Four Steps to Nailing Your Salary Negotiation

Asking to be appropriately remunerated by your company or pitching the right price point for clients is tough. And, according to this New York Times article it’s even tougher for women. And to add some more salt to the wound, a recent Cass Business School study, has found that even when women do ask for a pay rise they are 25% less likely to get it. Pretty unfair huh?

But… (cue angelic voices and parting clouds) there is hope. Women can be as successful as men at negotiating when they are well-prepared and consciously address many unconscious bias that directly affect them.

Knowing all these challenges, we’re going a little deeper on this one with a two part series. Over the next two weeks, we’re sharing four detailed tips that will help you strategically and emotionally prepare to get the pay rise you so ultimately deserve.

1. Wealth is tied to Worth – to be wealthy you must feel worthy.

Whether we are conscious on this or not, our wealth is tied to our worth. We live in a society where we are regularly reminded directly and indirectly that what we can and can’t afford defines us. So the first step to thinking about negotiating your pay or setting your pricing is to check in with your self-worth. If you don’t truly believe you are worthy of this salary/pricepoint, your employer/client certainly won’t.

This is where your worth statement comes in. Your worth statement is designed to make you feel more worthy and to help silence your inner critic until you ultimately can’t hear your inner critic’s lack talk

Try practicing this statement, by reading it out loud (in the mirror if you can) until you no longer feel a deep reaction to it and you ultimately believe it. Believing you’re worthy will ultimately help you become more worthy. As a guide, if you can, try for this for 30 consecutive days and place it somewhere you will see it on a regularly basis. The mirror, the fridge, the bathroom, your bedside tables are all handy spots.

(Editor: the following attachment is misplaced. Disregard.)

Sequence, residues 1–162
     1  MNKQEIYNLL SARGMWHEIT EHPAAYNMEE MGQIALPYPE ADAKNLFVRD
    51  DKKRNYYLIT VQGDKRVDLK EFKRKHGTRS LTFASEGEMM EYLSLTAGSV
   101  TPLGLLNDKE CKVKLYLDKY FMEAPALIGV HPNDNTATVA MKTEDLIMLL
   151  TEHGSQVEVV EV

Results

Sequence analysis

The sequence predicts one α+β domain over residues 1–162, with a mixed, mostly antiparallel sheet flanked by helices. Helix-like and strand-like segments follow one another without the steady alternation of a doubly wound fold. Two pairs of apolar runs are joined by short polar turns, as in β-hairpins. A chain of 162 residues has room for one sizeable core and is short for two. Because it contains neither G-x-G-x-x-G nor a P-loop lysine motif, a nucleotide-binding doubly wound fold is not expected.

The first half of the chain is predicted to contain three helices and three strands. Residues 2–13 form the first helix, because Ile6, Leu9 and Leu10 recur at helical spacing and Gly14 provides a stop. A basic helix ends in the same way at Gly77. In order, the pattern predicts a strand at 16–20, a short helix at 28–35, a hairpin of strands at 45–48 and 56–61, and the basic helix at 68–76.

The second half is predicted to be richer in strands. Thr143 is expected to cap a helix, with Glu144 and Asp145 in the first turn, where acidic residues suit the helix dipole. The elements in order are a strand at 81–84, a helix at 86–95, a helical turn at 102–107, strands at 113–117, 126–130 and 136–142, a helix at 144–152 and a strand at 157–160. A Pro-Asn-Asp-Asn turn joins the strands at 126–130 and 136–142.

“I believe I am truly worthy of (insert pay rise/price point here) because I have the skills, experience, capabilities and talent reflective of this salary and/or price point. I am grateful for my previous experiences but now release any lack behaviour, knowing that I am good enough, I am capable and I am worthy.”

If you know or are conscious of some learned lack patterning you want to break, you can create your own statement. After all, you know yourself better than anyone else. Caveat: do not change this statement if it simply makes you uncomfortable.

2.     How to show you are worth it? Preparation = Success

Addressing your worth to attract the pay rise you want will give you internal confidence but you need evidence and examples to back it up. As Professor Dolly Gough from NYU Business School, notes: “Preparation is 70% of your negotiation success.”

When framing these conversations it’s important to prepare and leverage all available data to demonstrate that you’re performing above your current remit and/or your remit has expanded commanding a salary review. Or if you are providing a service, it’s that you are offering higher value or more value than was originally agreed upon. Here’s a few steps you can take to ensure you’re well-prepared and therefore 70% more likely to get what you want.

How to create your list:

1. Write down all the things you do/you are responsible for, literally everything.

If you’re struggling to be impartial and questioning yourself, write in the third-person or do this with your partner, a friend or even a colleague you trust.  You will soon find it much easier to be impartial and review your work with a much fairer lens.

2. Your Wins

Highlight 1-3 key wins in your areas where either you hit your KPIs or have gone beyond them. It you don’t have KPIs – describe how your work achieved a desired outcome or contributed to the company’s targets and/or strategy.

3. Then to Now

If you can find your original role profile or any emails/notes from meetings that speak to your current remit, compare these to your current list (created in step one) and highlight the differences. You will be surprised by how much more you’re doing, and not getting paid for.

4. Feedback and Champions

Save all your positive feedback either from clients/customers/vendors (if your role is external facing) or all internal stakeholders. If you can, get in the habit of asking for feedback so you have up-to-date data. Better yet, establish the right relationships to make internal stakeholders or clients your champions. Having people vouching for you make this process way easier.

5. Market Research

Do some market research on your salary and market rates. A lot of this information can be accessed via all the major recruitment firms. Talk to a headhunter or some of your peers at other companies. Being able to state your market rate (particularly if you are below it) is a powerful factual point.

6. Be clear on your currency.

Do you want a cash bonus, an increase in your base, equity (if applicable), more rewards or your company to pick up more of your expenses. Knowing your parameters before your conversation will help you stay on track.

3.     How to communicate you are worth it?